When it comes to going out for drinks, in Japan, they do things a little differently than back home. Whereas we would most likely head to a bar, the Japanese go to an izakaya.
Most translation tools will tell you that an izakaya is like a tavern or a pub, but that’s not quite right. While izakayas are very much drinking dens, particularly after work or at the start of a night out, unlike pubs there will be little or no interaction between separate parties. Also unlike pubs, all groups are seated and are served by waiters and waitresses at whom you must holler ‘sumimaseeeeen!’ to get their attention. That’s not to say things are any more sedate than bars back home. When the beer and highballs get flowing, things can get raucous, particularly as many izakaya offer ‘nomihoudai’ (all you can drink) courses.
While drinking is generally very much on the agenda, izakayas are also places to eat, with patrons sharing dishes between them. While differing establishments may have their specialties, and some are more upmarket than others, the general description of the fare on offer could be “for the accompaniment of booze”. Think, karaage, edamame, sashimi, and yakitori. Fine dining this is not.
As both a central business hub and home to one of the country’s largest train stations, the Meieki (literally translated as ‘Nagoya Station’) area has many izakayas to choose from, each servicing their niche. Below is a small selection that you might try.
All around Nagoya, perhaps related to the city’s military history, you can find an izakaya called ‘Kabuto’ (helmet). Some are connected, some aren’t, but this one is the best one. The food is a mix up of standard izakaya fare, with yakitori, sashimi, and nabe hot pots. But they also have some quite interesting stuff such as horse meat and ‘raw’ chicken.
The best thing about Kabuto is that it has some tables that hang out into the street, which is excellent for people watching, especially in winter as the tables double up as a kotatsu. They also have English language menus, which makes things a little easier.
Established in 1956, the Sakae branch of Gomitori is credited as being Nagoya’s oldest-running izakaya, and is famed for its classic Nagoya cuisine. There are two Gomitoris in the Meieki area, and while the newer one is closer to the station, it cannot rival the older one for atmosphere, as its dark dinginess creates are real drinking den vibe.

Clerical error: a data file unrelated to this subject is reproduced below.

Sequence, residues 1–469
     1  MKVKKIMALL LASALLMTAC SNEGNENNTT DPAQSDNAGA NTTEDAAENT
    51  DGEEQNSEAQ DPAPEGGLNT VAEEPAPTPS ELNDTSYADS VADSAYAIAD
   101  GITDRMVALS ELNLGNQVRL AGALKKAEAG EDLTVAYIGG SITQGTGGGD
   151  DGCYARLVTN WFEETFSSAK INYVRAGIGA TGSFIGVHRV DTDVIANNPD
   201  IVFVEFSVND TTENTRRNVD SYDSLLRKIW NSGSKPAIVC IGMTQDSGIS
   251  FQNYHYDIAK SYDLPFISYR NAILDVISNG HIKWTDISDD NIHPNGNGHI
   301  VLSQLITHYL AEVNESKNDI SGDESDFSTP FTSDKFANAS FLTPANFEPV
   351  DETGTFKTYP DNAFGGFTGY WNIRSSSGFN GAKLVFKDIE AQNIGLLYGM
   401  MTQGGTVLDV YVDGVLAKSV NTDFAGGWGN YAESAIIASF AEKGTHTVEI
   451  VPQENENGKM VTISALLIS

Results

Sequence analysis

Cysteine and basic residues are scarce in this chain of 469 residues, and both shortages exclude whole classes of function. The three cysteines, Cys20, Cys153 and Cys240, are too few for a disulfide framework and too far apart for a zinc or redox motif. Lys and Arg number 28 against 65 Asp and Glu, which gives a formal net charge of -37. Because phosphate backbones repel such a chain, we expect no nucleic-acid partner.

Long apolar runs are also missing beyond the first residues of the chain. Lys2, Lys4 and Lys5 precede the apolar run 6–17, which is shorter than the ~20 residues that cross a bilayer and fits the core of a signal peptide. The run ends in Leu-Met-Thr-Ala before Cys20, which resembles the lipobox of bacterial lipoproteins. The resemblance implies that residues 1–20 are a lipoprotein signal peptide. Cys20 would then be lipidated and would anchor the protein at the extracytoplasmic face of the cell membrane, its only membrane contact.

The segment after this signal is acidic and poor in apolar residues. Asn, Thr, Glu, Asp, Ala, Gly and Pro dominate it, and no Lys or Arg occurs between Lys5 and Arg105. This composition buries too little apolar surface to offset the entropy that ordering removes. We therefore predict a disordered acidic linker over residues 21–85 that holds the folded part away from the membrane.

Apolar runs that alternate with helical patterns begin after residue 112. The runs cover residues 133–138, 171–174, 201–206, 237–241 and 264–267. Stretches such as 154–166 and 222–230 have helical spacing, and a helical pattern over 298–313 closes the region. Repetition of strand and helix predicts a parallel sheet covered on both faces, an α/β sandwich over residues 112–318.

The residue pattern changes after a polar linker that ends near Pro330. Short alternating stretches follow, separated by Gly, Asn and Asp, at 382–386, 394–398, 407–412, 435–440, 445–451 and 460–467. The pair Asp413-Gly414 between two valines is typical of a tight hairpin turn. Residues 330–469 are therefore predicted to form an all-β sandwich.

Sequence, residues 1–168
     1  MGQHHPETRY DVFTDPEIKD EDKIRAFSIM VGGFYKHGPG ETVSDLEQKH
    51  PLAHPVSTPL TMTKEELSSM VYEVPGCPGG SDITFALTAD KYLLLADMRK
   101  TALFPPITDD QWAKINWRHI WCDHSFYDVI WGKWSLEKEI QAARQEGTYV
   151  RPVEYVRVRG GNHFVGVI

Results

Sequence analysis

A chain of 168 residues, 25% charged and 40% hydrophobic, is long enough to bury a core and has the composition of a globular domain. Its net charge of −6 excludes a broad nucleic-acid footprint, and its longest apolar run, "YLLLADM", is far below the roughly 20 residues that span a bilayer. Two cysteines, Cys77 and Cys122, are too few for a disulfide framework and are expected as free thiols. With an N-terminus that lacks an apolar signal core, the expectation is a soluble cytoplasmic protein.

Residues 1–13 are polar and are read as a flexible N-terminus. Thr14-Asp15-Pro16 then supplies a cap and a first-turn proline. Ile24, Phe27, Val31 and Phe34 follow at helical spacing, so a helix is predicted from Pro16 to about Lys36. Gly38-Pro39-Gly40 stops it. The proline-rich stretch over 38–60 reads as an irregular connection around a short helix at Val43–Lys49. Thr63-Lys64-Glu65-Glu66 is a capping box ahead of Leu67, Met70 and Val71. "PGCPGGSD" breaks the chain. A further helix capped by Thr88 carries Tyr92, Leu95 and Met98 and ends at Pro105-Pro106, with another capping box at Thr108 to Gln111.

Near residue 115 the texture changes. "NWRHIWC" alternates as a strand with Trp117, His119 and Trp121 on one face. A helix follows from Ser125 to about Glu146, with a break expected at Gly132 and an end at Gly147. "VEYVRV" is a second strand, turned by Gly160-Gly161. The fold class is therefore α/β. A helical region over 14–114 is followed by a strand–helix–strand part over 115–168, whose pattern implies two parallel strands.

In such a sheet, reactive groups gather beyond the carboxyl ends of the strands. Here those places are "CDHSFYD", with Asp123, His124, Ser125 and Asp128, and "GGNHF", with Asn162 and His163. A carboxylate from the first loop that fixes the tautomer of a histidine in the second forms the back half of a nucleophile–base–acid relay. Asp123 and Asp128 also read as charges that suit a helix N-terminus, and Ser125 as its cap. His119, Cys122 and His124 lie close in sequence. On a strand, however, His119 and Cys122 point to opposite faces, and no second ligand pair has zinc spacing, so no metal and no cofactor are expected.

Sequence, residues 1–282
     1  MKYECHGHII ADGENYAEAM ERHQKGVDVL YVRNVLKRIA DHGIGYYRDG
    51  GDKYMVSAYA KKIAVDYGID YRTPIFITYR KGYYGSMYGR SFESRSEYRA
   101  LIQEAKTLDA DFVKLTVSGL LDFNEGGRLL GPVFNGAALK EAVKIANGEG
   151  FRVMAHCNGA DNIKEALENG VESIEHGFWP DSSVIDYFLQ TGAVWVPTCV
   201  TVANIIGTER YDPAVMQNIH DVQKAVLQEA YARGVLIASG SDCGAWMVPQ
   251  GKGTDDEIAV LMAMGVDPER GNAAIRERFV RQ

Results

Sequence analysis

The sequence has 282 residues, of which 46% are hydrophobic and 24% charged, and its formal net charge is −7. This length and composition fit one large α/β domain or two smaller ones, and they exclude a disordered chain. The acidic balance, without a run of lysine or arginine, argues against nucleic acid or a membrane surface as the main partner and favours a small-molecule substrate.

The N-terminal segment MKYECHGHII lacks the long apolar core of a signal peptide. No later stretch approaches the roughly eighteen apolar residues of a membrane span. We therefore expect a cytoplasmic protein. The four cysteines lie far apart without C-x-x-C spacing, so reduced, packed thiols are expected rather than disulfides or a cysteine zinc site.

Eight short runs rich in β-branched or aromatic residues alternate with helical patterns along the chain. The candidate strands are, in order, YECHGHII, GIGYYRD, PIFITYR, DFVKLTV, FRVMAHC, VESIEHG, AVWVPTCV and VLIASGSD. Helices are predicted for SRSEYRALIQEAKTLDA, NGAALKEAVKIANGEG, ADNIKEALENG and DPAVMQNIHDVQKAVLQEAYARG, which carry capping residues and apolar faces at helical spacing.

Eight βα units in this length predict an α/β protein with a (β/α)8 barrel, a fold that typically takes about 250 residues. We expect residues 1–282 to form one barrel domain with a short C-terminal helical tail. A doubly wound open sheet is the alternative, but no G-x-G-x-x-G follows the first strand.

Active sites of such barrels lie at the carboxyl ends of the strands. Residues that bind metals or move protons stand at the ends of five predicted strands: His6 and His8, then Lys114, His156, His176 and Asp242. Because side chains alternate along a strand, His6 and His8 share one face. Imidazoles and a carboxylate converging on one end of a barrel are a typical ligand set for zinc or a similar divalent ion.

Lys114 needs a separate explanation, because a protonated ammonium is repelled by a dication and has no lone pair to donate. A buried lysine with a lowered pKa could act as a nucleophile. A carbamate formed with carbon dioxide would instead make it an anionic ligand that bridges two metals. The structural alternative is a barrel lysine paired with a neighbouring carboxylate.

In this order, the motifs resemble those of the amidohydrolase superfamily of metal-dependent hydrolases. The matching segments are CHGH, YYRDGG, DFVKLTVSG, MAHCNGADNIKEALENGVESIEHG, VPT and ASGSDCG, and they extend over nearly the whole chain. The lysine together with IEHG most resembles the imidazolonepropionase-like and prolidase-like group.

While neither of these is the original, they do still serve up the same Nagoyan food, and they do it well. Most recommended are the famous dote miso stew, the dote miso pork cutlet skewers (miso kushi katsu), and tebasaki chicken wings made with Nagoya’s prized kochin chicken.
Imagine a world where the Showa era never stopped, and pre-bubble-period kitch remained forever, and you have Hakuri Tabai Hanbey, or just ‘Hanbey’ for short. The walls and every available surface are adorned with movie posters, advertisements and toys from that bygone era, and overhead enka music blares away; all making for an original, if a little discombobulating, drinking atmosphere.
It is also very cheap, with a large jockey of beer for around 290 JPY, and some food items for under 100 JPY. The food itself is, well, not exactly excellent, but if you are just up for a lively place with a difference, then Hanbey is a good shout. They also have an English language menu with translations so laughingly bad that they have to be done so on purpose.
Using the freshest seafood from the nearby Yanagibashi Market, Uogashi Hompo Pichiten is well known for its delicious sushi and sashimi. But as well as being extremely fresh, the food is very reasonably priced, and they do selection plates, which makes things easier for those who don’t know what they want (or even looking for!) As well as seafood, Pitchiten does a huge tempura selection that is not to be missed: if you can fry it, they will serve it!
There are a handful of Pitchitens around the city, and the one pictured above is nearest Meieki (a stone’s throw from Lucent Tower) However, though a little bit of a trek from the station, this one here has a sort of beer garden upstairs, which is great for dining during the warmer months.
This is just a small selection of the many, many izakayas that you can choose from in the Meieki area. If you want to find something different, one great way is to speak to one of the ‘misenavi‘ guys. These are young men and women – students, mostly – for whom their job is to connect diners with restaurants. You will see them outside of the Dai Nagoya Building and the surrounding areas wearing bright red or orange jackets. Just tell them what kind of thing you want (whether it be seafood, cheap drinks, all you can eat or drink nomihoudai and tabehoudai options) and they will do their best to connect you. Oh, and they get their commission from the restaurants, so you don’t need to pay them.
Images: by Mark Guthrie (Own Work)